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Texas, United States
Joined: February 22, 2008
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Posted: Friday, February 06, 2015 - 09:33 AM UTC
I went ahead and cut out the major parts:



JClapp
#259
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Massachusetts, United States
Joined: October 23, 2011
KitMaker: 2,221 posts
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Posted: Saturday, February 07, 2015 - 06:10 AM UTC
I've made a start on the Welsh DC-7 as well.
snapping the parts out of the sheets, the fuselage looks nice, unlike almost all Welsh airliners, the windows are not dimpled in, no pretense of drilling them out and no need to fill the dimples.

Ill set that aside for later.

Havent decided if ill use the kit props or buy some metal ones.


The engines look pretty OK. i can work with that. no need methinks to search for resin replacements.


Given Jessie's information about the challenging wing, ill start with that. Seven parts.

besides the wing root fillets that need razor cutting, there is also a challenging dihedral to attend to.

I have a job to do tommorrow morning, so I probobly wont be able to get back this until monday.

V2Phantom
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United States
Joined: December 26, 2008
KitMaker: 238 posts
AeroScale: 175 posts
Posted: Sunday, February 08, 2015 - 09:34 PM UTC
Hi everyone! I signed up for the GB way back when, so I might as well get going on the build. I like building aircraft flown by NASA so I thought I would pick NASA's KC-135A (Weightless Wonder V aka Vomit Comet) as my build of choice. Here's the real aircraft as it looked when I photographed it at the Pima museum back in 2010:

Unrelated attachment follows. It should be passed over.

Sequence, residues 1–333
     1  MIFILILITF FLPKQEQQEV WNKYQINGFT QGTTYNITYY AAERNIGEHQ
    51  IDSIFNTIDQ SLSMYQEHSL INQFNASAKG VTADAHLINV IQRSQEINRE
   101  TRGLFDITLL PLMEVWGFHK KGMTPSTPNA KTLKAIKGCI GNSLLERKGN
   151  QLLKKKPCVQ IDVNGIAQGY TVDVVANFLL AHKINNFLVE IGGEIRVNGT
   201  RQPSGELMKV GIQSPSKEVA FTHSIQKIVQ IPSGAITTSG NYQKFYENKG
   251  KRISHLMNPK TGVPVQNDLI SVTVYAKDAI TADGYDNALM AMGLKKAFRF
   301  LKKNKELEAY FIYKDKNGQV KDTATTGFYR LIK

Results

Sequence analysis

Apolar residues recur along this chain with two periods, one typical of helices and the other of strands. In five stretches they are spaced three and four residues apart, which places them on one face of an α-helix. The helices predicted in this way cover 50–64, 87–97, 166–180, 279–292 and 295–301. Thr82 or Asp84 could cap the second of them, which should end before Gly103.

Nose art:



I will be starting with the Welsh 1/144 KC-135A along with decals from Ronin Decals:



Have fun modeling!
Mike
JClapp
#259
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Massachusetts, United States
Joined: October 23, 2011
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Posted: Sunday, February 08, 2015 - 09:42 PM UTC
the Vomit Comet! Excellent subject!

Nice kit too, I have one of those, not far down from the top of the pile.
JClapp
#259
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Massachusetts, United States
Joined: October 23, 2011
KitMaker: 2,221 posts
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Posted: Thursday, February 12, 2015 - 07:56 AM UTC
At this point, for the benefit of the curious observer, Ill lay out a very brief how-to. first, here is the key piece of information to unlock the vacuform parts from the sheet
.
Since it is virtually impossible to cut parallel to the sheet, we cut out around the part leaving a narrow flange, and then sand the flange off. Use a Sharpy pen to color the intersection of the part and the backing sheet.

The masking tape handle makes it very easy to rub the piece around and around on the sheet of sand paper.
keep checking the bottom, as the flange gets thinner, the color ink will begin to show through, revealing the true outline of the part.

little by little, it becomes the thinnest flash and drops away.

you will need to apply different amounts of pressure and time to different edges. the wing tip and trailing edge need alot more material removed than front edge.




I like 100 grit sand paper for this. it cuts fast, holds alot of dust,and the finish it leaves on the mating surface loves liquid welder.

when done sanding, the ink wipes right off with isopropyl alcohol on a paper towel.

And once again, here is the last vacuform campaign thread. There is a post at the bottom of the first page by Dunners01 that explains the process in further detail, and at the end of the thread some brilliant finished models.

JClapp
#259
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Massachusetts, United States
Joined: October 23, 2011
KitMaker: 2,221 posts
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Posted: Thursday, February 12, 2015 - 08:20 AM UTC